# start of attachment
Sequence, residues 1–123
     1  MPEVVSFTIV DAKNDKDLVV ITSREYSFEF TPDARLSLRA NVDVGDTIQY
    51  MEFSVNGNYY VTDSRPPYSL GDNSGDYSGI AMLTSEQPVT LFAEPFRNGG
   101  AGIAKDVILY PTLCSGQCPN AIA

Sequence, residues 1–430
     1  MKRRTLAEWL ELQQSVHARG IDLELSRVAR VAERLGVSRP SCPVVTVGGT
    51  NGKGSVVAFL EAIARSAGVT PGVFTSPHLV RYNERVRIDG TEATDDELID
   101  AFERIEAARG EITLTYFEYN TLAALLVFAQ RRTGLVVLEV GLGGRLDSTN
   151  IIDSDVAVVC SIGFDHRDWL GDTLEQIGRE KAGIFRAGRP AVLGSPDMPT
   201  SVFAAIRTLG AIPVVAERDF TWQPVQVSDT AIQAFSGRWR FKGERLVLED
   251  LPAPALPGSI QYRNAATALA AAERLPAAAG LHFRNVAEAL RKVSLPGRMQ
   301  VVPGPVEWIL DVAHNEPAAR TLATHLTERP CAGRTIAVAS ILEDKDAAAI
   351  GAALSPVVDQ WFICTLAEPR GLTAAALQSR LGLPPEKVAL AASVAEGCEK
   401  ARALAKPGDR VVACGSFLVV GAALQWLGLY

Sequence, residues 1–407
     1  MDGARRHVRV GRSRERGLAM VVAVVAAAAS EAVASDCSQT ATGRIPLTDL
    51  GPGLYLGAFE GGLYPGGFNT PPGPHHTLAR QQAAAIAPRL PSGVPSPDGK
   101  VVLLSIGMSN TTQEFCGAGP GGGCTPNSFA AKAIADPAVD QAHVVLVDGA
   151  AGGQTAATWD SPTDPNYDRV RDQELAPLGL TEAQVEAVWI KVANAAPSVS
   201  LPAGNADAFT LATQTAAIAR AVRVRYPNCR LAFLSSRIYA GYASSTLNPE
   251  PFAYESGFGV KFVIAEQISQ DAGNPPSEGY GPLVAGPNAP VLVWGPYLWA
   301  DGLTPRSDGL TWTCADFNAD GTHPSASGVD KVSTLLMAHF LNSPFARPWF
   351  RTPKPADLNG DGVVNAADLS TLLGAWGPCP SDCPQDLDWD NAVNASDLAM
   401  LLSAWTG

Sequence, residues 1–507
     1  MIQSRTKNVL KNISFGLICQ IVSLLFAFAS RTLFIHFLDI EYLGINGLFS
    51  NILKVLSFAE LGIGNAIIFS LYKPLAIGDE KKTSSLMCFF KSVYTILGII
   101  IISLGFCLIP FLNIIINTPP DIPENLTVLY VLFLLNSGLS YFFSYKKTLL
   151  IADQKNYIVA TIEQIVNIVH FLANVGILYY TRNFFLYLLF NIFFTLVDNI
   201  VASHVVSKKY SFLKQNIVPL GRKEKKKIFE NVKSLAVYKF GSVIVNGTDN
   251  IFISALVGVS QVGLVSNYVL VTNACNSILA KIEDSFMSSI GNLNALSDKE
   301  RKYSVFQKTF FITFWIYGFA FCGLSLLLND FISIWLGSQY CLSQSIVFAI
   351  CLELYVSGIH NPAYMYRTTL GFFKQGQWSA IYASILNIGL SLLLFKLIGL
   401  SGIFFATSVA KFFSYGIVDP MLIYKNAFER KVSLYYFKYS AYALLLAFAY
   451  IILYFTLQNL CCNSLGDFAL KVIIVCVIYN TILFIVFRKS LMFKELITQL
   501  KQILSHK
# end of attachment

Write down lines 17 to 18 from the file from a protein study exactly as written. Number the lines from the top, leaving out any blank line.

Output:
    51  GPGLYLGAFE GGLYPGGFNT PPGPHHTLAR QQAAAIAPRL PSGVPSPDGK
   101  VVLLSIGMSN TTQEFCGAGP GGGCTPNSFA AKAIADPAVD QAHVVLVDGA